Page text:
Counterfeit Detection: 1955 Doubled-Die Obverse Cent

Posted on 9/26/2020

This off-center coin proved too good to be true.

By Numismatic Guaranty Corporation®

Mint errors and varieties are very popular in the numismatic community. To find both on one coin is exceptionally rare, and examples command a large premium. When the variety is the “King of Doubled Dies,” that premium skyrockets even higher.

Recently, Numismatic Guaranty Corporation (NGC) graders encountered this 1955 doubled-die obverse Lincoln cent.

Counterfeit Off-Center 1955 DDO Lincoln Cent.
Click images to enlarge.

As you can see from the photos, this coin is clearly struck off-center and has the telltale doubling for which this variety is known. It also appears to be slightly worn, as if it saw some time in circulation. Unfortunately, the coin is not genuine and the supposed wear has been artificially applied to a modern replica of the fabled rarity.

Genuine 1955 DDO Lincoln Cent
Click images to enlarge.

When compared to a genuine example like, numerous issues with the fake become apparent. Not only are the details mushy and the date slanted, but the counterfeiter also utilized the wrong reverse die. Note the prominent VDB at the bottom of the reverse. These initials stand for Victor David Brenner, the designer of the Lincoln Cent. His initials only appear in this location on 1909-dated examples. It is likely that this same reverse die has been used to strike counterfeit 1909-S VDB Lincolns.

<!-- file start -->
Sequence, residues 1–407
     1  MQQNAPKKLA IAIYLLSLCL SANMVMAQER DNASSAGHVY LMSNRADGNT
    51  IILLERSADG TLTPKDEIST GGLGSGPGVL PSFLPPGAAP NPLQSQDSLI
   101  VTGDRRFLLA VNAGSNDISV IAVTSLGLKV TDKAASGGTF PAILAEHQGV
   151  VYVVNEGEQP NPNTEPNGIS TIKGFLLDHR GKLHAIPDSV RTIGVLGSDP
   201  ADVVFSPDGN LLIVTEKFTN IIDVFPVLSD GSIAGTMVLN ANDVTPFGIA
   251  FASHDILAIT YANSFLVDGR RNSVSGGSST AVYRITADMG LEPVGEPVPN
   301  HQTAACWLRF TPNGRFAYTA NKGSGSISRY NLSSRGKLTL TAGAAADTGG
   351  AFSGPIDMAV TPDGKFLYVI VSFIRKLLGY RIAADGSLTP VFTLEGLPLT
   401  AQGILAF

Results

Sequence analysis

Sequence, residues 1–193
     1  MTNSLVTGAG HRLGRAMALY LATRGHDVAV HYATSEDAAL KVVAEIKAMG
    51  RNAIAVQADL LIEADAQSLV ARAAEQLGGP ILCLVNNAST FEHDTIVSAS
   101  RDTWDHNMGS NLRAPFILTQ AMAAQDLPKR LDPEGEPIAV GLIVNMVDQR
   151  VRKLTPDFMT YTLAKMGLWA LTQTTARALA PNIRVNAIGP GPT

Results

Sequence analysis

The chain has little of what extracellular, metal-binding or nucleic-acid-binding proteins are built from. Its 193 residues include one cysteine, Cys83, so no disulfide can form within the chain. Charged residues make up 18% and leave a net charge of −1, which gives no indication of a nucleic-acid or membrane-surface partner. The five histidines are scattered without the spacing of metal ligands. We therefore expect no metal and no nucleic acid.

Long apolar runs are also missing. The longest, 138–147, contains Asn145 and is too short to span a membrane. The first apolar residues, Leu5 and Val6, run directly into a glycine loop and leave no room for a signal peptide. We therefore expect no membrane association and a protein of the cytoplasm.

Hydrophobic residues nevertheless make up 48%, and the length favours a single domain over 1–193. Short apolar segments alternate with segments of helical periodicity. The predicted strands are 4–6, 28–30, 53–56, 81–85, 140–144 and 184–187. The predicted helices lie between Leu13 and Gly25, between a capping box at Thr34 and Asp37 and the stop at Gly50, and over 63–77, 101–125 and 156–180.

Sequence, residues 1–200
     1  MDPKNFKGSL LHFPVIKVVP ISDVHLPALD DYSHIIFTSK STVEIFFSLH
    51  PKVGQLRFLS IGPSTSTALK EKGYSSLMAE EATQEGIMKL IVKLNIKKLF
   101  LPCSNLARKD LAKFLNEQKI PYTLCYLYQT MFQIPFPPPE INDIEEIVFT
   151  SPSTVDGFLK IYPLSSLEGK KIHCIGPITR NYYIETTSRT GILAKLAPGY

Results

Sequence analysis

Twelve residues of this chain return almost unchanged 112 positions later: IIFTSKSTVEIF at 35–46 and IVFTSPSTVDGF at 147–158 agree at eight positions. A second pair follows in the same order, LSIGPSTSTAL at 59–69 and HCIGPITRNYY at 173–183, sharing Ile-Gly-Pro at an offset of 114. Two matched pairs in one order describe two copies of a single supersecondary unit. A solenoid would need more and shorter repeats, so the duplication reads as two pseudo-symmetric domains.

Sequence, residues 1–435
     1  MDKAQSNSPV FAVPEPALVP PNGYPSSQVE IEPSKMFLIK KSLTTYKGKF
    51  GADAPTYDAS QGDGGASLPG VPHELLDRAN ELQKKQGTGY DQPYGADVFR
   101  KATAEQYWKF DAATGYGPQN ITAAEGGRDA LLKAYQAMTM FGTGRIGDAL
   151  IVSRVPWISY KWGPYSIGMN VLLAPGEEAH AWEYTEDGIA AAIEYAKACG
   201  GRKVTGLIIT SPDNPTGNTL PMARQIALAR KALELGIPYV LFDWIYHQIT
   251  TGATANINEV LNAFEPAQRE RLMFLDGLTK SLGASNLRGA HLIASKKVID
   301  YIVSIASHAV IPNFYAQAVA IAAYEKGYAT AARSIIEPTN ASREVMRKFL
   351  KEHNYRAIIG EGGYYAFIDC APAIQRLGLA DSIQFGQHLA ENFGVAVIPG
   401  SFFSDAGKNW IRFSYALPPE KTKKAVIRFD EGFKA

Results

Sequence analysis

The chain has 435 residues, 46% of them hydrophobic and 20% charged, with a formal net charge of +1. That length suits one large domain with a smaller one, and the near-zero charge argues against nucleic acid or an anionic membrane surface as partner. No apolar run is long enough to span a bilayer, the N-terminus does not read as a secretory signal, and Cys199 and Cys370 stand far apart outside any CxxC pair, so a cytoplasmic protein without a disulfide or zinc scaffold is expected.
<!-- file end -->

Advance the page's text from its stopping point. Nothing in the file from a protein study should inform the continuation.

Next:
Close-up of the V.D.B. initials at the bottom of the reverse of the counterfeit.
Click image to enlarge.

The counterfeit has the correct weight of 3.1g. However, after it was analyzed using an X-ray fluorescent scanner, NGC graders determined it was actually struck in 100-percent pure copper. A genuine example comprises 95-percent copper, 2.5-percent tin and 2.5-percent zinc.

Whenever you are looking to purchase a coin (especially a key date or variety), it is essential to closely examine the piece and compare it to genuine examples. In this case, an experienced numismatist would immediately be suspicious of such a rare Lincoln cent, especially one with notably odd surfaces and mushy details. As always, any coin purchased in an NGC holder is guaranteed to be authentic.

Reproduced with permission from the June 2020 edition of The Numismatist, official publication of the American Numismatic Association.

Did you know? NGC has created a comprehensive Counterfeit Detection resource to help collectors and dealers identify counterfeit and altered coins. Visit

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